Goodreads rating: 3 stars (I wish I could leave half stars)
I thought I would include this despite the restrictions in people that will be interested in reading. Non-pregnant people aren’t going to just pick and read this just out of interest. That said, it’s something I read this month so I felt I should share.
When reading this, the editor in me was dismayed to find a multitude of mistakes in this text. There were some weird formatting issues in my copy with paragraph breaks in the middle of sentences as well as quite a few spelling mistakes. Tut tut.
My husband and I were initially anxious about the labour part of having a baby more than having the baby itself. This has probably not been helped by the legions of mothers who are more than willing to regale you with their stories of traumatic births and difficult recoveries. I have no idea what leads parents to want to scare seven kinds of crap out of you when you share your news about being pregnant or tell you that you’ll never sleep again etc.
Anyway, what led me to this book was meeting a lovely woman in the queue to a local day festival, she was very clearly pregnant so we got into the usual mum-to-be conversation. It turned out that this wasn’t her first but rather than taking no time telling me how horrific her labour was, she told me that it was a ‘beautiful and calm experience’ so I obviously thought she was crazy. After further conversation, this woman had convinced me that it was possible to not only enjoy giving birth but also do so with limited medical intervention and/or pain relief by using something called HypnoBirthing. Oh how my friends laughed when I told them about this later.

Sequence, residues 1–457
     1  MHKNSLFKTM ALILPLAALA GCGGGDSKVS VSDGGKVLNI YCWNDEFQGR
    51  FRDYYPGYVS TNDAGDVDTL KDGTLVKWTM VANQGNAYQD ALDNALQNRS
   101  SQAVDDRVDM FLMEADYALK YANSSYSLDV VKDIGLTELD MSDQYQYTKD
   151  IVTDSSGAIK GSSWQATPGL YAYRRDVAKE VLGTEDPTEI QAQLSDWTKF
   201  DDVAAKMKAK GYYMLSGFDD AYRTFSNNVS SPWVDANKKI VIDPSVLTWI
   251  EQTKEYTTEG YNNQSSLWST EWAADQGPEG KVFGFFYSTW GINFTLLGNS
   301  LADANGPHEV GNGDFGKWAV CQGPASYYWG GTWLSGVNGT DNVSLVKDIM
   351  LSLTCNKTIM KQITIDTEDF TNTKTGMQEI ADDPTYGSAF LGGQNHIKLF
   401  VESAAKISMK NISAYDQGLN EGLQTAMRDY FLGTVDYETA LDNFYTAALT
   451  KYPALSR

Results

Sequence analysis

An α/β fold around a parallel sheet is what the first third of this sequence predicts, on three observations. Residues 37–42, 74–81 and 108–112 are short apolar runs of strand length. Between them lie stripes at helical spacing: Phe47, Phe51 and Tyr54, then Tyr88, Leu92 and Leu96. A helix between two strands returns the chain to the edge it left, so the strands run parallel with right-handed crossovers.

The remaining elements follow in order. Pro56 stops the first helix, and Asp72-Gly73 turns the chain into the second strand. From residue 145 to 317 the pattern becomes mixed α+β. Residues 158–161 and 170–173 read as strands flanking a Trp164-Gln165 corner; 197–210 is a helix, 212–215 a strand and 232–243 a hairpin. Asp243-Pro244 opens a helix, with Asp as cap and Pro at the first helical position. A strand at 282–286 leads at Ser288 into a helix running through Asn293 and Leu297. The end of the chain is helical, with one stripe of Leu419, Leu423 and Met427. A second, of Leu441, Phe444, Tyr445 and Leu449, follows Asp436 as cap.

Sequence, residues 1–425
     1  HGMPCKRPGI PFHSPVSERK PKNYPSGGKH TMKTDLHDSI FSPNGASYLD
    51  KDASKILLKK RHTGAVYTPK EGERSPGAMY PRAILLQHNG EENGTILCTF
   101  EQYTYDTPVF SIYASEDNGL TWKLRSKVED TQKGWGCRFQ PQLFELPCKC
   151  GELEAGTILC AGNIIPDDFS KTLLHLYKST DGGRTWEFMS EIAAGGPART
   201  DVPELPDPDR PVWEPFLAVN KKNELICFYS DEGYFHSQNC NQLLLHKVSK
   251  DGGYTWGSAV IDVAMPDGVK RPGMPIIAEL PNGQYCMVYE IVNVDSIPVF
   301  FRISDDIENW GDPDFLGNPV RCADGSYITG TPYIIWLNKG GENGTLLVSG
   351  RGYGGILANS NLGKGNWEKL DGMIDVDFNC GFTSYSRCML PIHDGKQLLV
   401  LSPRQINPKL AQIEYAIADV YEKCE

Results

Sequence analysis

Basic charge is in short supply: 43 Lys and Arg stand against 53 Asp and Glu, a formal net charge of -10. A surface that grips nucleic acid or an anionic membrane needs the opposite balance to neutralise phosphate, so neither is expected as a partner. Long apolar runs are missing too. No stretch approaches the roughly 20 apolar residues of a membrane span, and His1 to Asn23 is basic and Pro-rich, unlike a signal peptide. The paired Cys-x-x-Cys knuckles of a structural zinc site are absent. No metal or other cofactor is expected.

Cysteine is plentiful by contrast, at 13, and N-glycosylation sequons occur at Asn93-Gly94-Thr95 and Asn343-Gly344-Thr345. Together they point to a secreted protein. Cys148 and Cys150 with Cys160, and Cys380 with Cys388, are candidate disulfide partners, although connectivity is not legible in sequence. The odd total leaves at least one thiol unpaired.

After much searching for more information, I came across this book by Suzy Ashworth. This guide draws on the HypnoBirthing model developed by Marie Mongan in 1989. Mongan was a hypnotherapist who used her own birth experiences to teach women to have medication-free births in the 1950s and 60s, a time when that was generally unheard of. It may sound hippy-dippy to you guys but Suzy specifically says that there is ‘no vagina whispering’ in her book, which is good to know I suppose. I read the book along with my husband and despite us both being pretty cynical to begin with, Suzy ended up up converting us well enough to purchase her online Calm Birth School Course. So my birth WILL be a calmest birth ever!
Goodreads rating: 4 stars
Follow me on Goodreads to keep up with what I am reading and see me fail miserably at my reading challenge. C’mon, it’ll be fun.